Now, however, Misha’s black cat Macy is finally darker than the sky: a few days ago, this latitude saw its first sunrise after about two weeks of polar night. By now, the city of Kirovsk is enjoying a couple of hours of sunlight every day, or rather a delightfully prolonged pink sunrise that transitions seamlessly into sunset. On top of that, despite the early hour, the city is bathed in artificial “Northern lights”: the windows of the surrounding five-story buildings sparkle with blue, emerald, and pink strings of light that, in other parts of Russia, only come out for the New Year’s holiday. Polar night forces people to compensate for the lack of light and of chromatic variety.
“There’s not much light, hardly any. I’d been eagerly awaiting the polar sunrise so I could go up the mountain and see at least a sliver of sun again,” Misha looks back on that pre-New Year’s day, December 29, when the heavenly body made its first appearance after half a month.
“The older you get, the harder the Arctic is on your body. I’ve started to have insomnia. I can’t fall asleep even when I’m exhausted,” the 22-year-old laments, polishing off his breakfast.
People who live above the Arctic Circle, especially if they did not grow up there, often complain of fatigue and of having trouble rousing themselves in the morning: out the window, there’s nothing but never-ending night. “The most important thing is to take a lot of vitamins. Fish oil, for example, and vitamin C,” Misha advises. He has lived his entire life in Kirovsk.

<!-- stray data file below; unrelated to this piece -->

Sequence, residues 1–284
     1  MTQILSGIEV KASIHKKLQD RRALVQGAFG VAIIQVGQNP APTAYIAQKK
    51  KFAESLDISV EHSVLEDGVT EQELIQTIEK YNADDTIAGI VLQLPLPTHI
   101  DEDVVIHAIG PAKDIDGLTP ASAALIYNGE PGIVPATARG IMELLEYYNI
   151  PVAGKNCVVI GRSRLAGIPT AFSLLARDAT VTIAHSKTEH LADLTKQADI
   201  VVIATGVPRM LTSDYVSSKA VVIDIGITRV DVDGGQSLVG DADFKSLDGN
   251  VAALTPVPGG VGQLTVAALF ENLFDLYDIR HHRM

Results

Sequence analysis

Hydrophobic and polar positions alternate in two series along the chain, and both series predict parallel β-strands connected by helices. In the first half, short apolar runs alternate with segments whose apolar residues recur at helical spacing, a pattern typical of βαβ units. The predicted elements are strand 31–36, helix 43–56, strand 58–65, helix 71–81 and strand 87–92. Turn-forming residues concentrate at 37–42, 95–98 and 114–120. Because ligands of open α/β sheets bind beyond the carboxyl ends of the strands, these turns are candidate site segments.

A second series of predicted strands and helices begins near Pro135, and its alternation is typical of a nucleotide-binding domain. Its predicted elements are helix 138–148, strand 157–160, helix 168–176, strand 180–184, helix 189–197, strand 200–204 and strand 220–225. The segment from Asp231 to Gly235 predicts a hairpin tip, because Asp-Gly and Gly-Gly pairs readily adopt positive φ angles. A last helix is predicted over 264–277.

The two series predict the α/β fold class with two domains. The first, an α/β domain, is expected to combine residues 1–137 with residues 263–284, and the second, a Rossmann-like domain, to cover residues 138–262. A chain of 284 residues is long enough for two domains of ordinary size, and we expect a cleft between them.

Meanwhile, the city doesn’t have much time for yawning and stretching: Macy the cat is watching the yard-keepers clearing the entryways to buildings, which by late winter look like snow tunnels built out of snowdrifts three or four meters high. Car owners patiently work to liberate their vehicles from the snow that took them captive overnight.
Russians are still relative newcomers here, 200 kilometers from the Barents Sea (part of the Arctic Ocean basin): Kirovsk has yet to reach its centennial. Back in 1929, when the first mining settlements were built here, it was given the ancient Saami name of Kukisvumchorr.* Today, statistics tell us that the Saami represent fewer than one percent of the Kola Peninsula’s population.
Reaching toward the still twinkling stars, the Khibiny Mountains tower over the concrete prefab khrushchevki† that house much of Kirovsk. The Khibiny are the highest mountains, not only on the Kola Peninsula, but across a vast stretch of the Arctic Circle’s wooded tundra. Only one slope shows signs of artificial illumination (and only its bottom half): huge snow groomers are clearing trails for the local ski resort. Polar skiing has its enthusiasts, despite the typical 20-below temperatures and periods of nearly perpetual darkness. The skiing season here lasts till late May, and prices for ski passes and rooms are many times lower than in Sochi, or at Russia’s other mountain resorts.
Misha and I head toward the mountains in his Zhiguli. He laughingly mentions that he recently bought the car for 40,000 rubles (a bit over $500). It doesn’t offer much room for skis, even when there are no passengers. Now, there are two, since Misha has invited along his best friend. Vovan (Vladimir, more formally) is a snowboarder and a member of a band called Bita Bandita (the band’s social media page describes it as “street hip-hop from deep in the Khibiny”).
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